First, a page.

Fifty per cent of patients have lymph node metastases at presentation. Add to Wishlist. USD Sign in to Purchase Instantly.
Thyroid Cancer | Cleveland Clinic
Temporarily Out of Stock Online Please check back later for updated availability. Overview The goal of this book is to provide Endocrinologists, Surgeons, Nuclear Medicine Physicians, and Radiation Oncologists with practical advice about managing patients with thyroid cancer. This book will not replace the excellent publications that focus on a highly speci? These kinds of publications will always be an important source of information for both students and expe- enced practitioners. The void that we see is the lack of a single, concise, up-- date reference that is applicable to all of the specialists who make clinical de- sions about thyroid cancer patients.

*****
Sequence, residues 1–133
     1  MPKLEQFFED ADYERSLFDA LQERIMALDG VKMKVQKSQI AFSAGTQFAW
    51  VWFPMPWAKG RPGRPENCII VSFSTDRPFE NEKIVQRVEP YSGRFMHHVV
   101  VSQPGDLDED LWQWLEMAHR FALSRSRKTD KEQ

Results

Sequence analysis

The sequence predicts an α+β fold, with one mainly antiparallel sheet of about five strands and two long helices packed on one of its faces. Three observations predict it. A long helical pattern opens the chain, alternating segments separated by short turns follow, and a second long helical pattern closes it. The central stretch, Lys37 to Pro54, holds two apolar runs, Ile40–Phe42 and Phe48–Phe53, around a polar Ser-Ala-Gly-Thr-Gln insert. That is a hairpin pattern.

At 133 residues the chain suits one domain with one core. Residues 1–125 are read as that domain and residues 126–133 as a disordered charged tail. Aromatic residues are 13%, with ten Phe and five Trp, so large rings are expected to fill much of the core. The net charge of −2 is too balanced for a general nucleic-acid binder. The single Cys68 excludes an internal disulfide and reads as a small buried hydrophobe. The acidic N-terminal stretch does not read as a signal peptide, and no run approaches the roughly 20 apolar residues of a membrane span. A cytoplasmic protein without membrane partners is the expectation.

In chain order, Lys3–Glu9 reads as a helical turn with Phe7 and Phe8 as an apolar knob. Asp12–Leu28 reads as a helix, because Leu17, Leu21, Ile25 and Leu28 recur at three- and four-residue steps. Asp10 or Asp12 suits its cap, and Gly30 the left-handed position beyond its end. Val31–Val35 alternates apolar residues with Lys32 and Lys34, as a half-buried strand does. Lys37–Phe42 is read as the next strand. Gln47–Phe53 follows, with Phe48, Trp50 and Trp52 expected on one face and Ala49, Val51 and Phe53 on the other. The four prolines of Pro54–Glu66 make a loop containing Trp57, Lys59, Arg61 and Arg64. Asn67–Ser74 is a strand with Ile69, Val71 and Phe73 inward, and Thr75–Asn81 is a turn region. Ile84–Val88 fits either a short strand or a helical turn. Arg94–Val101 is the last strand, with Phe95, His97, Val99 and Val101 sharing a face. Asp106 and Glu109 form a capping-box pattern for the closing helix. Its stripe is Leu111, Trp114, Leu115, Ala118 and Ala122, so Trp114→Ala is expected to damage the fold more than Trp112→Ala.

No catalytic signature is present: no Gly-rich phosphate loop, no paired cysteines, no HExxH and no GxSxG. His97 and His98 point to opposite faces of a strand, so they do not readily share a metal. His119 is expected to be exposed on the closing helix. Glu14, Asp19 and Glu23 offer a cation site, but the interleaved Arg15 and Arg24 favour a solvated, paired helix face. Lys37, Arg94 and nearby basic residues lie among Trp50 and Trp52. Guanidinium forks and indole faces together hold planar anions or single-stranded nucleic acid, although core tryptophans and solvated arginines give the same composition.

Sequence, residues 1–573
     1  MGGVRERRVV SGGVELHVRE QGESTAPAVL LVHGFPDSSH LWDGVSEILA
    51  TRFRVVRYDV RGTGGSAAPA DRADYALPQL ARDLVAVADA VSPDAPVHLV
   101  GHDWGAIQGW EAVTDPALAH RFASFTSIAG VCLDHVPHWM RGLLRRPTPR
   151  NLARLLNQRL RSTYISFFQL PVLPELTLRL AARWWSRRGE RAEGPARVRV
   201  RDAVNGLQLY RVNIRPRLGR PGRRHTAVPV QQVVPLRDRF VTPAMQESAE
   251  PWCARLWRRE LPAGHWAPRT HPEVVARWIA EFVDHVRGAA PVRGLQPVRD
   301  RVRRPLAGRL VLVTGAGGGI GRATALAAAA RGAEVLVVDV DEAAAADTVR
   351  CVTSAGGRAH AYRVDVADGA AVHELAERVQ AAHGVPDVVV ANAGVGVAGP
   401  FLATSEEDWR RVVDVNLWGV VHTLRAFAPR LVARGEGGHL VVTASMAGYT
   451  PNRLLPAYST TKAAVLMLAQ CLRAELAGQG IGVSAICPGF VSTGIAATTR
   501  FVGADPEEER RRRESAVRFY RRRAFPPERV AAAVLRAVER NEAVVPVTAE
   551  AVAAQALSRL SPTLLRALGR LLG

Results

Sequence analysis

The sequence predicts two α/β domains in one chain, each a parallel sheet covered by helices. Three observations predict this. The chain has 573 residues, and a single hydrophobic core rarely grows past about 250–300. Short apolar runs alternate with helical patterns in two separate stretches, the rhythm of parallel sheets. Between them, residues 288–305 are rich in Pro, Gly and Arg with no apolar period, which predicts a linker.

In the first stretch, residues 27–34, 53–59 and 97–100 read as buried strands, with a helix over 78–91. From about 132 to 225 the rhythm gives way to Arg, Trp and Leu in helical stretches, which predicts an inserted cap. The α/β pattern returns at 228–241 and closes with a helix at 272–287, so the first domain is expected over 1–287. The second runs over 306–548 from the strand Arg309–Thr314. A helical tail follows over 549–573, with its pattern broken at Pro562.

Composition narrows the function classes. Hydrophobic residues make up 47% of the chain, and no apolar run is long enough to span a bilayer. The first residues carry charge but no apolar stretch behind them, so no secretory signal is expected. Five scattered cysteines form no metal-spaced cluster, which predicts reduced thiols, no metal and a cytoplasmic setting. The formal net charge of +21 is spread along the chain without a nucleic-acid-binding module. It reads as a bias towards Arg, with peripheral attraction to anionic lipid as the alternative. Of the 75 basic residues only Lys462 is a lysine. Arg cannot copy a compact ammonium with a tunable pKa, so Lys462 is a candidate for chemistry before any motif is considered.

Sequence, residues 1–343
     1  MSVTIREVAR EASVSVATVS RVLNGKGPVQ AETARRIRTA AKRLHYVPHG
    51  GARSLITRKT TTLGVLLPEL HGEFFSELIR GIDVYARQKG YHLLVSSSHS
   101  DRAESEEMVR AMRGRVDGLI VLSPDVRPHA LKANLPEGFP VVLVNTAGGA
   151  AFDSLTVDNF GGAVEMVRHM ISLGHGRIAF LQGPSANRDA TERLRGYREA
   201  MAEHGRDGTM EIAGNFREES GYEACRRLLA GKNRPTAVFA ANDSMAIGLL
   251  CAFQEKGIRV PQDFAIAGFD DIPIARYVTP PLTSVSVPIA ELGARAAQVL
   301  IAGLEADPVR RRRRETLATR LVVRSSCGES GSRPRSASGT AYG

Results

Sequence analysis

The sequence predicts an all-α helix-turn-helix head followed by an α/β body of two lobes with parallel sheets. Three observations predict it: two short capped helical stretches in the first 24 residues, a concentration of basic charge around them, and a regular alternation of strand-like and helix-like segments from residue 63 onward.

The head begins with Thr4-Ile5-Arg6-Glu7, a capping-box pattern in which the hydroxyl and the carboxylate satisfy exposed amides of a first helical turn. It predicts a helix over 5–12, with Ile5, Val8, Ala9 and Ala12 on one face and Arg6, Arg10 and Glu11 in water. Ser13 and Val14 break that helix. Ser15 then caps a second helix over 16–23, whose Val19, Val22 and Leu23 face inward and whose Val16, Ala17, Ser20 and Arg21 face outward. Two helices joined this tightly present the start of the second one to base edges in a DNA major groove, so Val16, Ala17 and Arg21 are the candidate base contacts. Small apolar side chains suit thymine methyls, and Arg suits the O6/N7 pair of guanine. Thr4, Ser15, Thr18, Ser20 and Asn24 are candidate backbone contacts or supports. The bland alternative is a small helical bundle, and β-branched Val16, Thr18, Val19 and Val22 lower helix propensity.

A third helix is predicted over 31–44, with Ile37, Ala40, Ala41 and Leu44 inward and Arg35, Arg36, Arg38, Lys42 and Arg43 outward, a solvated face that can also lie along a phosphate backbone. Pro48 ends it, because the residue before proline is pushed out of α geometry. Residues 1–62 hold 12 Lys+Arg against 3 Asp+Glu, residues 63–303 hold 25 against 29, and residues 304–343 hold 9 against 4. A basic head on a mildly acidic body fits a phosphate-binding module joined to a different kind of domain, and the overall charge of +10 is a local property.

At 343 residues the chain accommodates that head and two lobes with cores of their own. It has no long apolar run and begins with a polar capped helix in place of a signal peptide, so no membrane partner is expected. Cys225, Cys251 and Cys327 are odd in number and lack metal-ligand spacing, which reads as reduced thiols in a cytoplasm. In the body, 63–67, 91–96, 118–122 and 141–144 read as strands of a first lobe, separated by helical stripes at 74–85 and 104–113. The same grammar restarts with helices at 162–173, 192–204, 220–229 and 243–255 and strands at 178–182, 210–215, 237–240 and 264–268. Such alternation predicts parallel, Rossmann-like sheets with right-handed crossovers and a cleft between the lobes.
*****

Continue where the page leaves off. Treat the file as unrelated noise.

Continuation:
Essentials of Thyroid Cancer Management will? For reading ef? We rely heavily on tables, diagrams, graphs, photographs, and other? Subjects are addressed in a large number of chapters that each focus on a relatively narrow topic. In some cases, there is overlap between the information in multiple different chapters so the reader does not have to page back and forth between different sections of the book. As occurs in every area of medicine, there is controversy about important issues in the management of thyroid cancer.